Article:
The way new possibilities continue to pile on one after another is handled effectively, with fascinating detail causing audiences to think about what verdict they would choose if they were in that room, listening to all of this. What also makes it work is the excellent dialogue spoken by the characters—how they all react to certain circumstances, what they have to say, etc. That’s really what gives the film its strength: the dialogue and the acting. Each of the 12 actors do great jobs portraying the “12 angry men” in the title and they each do their best to give their characters different personalities (twelve key characters is hard to keep track of, since only about half of them are allowed to leave impacts). Henry Fonda was the only big star at the time to highlight the film, and he does a brilliant job playing the conflicted voice of reason, Juror #8 (whose name isn’t revealed until the very end, along with Juror #9’s). Equally brilliant (at least, those who stand out to me) are Ed Begley as Juror #10, whose bigotry is enough to have everyone in the room turn against him at a crucial point; Joseph Sweeney as wise Juror #9; Jack Warden as the wisecracking salesman who serves as Juror #7 and is willing to stay with the winning side in order to make it to an evening baseball game; Lee J. Cobb as the aggressive Juror #3 (whose final verdict is the most heartbreaking moment in the film, in which he ultimately breaks down and cries); and John Fiedler as meek Juror #2, who is dominated by the others at first but more confident by the end. Those were the ones that stood out to me, but the other actors (Martin Balsam, E.G. Marshall, Jack Klugman, Edward Binns, George Voskovec, and Robert Webber) do fine work as well. It’s a wonder why neither of these 12 performances were given Oscar consideration.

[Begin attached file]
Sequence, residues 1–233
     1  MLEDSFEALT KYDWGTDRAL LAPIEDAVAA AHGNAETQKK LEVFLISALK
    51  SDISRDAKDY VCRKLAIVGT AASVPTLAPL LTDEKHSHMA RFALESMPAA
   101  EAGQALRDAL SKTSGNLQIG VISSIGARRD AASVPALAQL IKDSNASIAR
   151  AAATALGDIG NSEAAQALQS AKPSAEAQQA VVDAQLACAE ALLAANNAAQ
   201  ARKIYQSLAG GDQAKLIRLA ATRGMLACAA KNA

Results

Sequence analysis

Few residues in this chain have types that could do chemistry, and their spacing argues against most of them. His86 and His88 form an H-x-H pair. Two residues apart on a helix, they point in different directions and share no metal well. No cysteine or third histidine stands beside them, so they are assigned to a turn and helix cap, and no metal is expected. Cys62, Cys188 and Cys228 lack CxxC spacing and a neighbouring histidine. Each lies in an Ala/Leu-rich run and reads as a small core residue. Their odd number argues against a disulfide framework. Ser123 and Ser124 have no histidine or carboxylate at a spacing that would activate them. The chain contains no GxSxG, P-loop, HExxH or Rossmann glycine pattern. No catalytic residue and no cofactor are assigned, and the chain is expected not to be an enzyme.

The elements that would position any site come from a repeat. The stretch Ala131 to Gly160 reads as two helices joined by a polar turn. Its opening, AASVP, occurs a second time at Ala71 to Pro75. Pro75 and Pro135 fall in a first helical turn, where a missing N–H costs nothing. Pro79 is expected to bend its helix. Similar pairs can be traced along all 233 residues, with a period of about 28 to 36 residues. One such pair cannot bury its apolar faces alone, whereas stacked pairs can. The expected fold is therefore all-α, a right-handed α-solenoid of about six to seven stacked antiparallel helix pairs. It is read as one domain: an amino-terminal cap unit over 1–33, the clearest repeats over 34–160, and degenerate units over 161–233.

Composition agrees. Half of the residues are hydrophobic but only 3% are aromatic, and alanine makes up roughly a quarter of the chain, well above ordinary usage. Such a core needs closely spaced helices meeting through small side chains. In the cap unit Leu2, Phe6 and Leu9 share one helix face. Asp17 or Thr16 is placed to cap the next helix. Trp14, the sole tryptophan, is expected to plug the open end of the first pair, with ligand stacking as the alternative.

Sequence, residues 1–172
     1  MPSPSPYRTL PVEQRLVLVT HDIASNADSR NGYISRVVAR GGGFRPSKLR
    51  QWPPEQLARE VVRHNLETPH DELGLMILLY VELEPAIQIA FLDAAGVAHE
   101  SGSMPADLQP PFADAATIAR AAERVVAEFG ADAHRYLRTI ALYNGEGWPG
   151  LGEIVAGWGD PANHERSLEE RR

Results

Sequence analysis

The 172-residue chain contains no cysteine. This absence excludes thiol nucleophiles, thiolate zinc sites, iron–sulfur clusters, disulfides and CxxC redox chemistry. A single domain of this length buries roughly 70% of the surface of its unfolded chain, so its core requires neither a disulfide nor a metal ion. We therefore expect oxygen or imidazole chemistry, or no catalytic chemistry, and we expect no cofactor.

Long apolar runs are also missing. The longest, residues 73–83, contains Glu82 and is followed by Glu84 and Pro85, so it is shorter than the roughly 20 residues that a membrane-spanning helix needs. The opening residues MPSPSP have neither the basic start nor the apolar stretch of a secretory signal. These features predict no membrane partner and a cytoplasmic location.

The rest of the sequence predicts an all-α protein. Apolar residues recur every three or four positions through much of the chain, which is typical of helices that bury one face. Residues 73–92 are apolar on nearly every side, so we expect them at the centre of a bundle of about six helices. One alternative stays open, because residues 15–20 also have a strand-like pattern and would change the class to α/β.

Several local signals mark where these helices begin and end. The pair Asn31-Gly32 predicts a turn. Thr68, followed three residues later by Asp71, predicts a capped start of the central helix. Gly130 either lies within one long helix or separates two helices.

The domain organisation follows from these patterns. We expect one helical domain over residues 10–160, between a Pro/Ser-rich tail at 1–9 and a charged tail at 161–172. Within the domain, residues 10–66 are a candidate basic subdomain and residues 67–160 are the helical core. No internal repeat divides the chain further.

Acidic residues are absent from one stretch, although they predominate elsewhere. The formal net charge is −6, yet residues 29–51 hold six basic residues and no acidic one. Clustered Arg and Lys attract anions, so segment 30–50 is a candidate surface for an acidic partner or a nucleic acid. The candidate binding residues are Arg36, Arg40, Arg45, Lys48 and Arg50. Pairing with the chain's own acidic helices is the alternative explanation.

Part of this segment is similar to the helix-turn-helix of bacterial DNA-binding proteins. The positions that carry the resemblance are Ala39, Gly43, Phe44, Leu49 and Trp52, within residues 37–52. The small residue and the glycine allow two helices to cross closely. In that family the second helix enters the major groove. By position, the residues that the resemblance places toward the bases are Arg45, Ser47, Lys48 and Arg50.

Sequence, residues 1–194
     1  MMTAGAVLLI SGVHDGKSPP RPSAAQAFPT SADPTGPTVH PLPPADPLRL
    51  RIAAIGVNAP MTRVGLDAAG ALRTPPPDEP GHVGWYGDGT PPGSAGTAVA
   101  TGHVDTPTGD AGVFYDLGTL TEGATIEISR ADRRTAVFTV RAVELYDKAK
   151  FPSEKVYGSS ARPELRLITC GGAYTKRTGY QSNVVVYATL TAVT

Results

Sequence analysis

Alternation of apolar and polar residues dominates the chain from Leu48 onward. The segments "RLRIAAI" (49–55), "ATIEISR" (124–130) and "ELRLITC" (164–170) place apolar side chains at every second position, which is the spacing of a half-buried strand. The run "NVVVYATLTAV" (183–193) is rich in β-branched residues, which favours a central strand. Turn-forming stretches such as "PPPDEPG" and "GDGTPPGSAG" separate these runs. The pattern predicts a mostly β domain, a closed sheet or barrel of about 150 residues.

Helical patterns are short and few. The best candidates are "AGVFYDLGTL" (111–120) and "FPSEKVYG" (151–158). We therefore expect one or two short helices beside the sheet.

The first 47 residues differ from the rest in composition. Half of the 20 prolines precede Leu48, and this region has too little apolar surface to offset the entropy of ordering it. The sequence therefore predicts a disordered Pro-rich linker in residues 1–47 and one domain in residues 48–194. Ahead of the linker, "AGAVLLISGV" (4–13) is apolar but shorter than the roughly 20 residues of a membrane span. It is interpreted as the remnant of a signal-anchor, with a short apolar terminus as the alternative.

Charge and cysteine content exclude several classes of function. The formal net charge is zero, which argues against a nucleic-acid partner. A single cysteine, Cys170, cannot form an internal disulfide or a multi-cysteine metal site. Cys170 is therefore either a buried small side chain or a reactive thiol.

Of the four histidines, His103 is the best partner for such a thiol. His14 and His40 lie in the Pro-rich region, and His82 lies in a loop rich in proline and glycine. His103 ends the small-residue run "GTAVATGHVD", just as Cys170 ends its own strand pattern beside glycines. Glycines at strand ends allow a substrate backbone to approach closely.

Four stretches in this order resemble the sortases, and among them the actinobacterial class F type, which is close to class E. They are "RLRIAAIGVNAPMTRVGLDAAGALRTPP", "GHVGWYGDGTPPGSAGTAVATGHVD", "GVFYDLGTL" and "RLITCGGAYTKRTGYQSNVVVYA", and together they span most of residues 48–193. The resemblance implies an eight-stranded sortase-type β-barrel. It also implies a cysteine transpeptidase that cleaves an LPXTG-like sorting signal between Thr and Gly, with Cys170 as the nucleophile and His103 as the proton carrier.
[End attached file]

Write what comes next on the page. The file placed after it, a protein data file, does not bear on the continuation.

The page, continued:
Of course, the direction can’t be ignored. Sidney Lumet, who used social commentary in each of his films no matter what the subject to get multiple points across, knew how to keep the tension going while allowing the actors to actually live the situation they’re in and let everything come naturally. The tension is raised not just with heat (as the film takes place on the hottest day of the summer, as indicated) with assistance from use of shots (mostly close-ups) to deliver a sense of claustrophobia.

“12 Angry Men” may have been released in the mid-1950s, but the issues being addressed in this film are still important today in 2015. What’s to separate facts from possibility? What is truly “fact?” Could a “guilty” verdict be allowed with reasonable doubt? Is there ever reasonable doubt? What are the true priorities of a juror? And most importantly, is a jury just willing to get on with their lives if it means ruining the life of another just because of what they heard and not because of what they know? Those are the questions addressed in “12 Angry Men,” an outstanding film that stands the test of time.

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Old Yeller (1957)

20 Feb

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Smith’s Verdict: ***1/2

Reviewed by Tanner Smith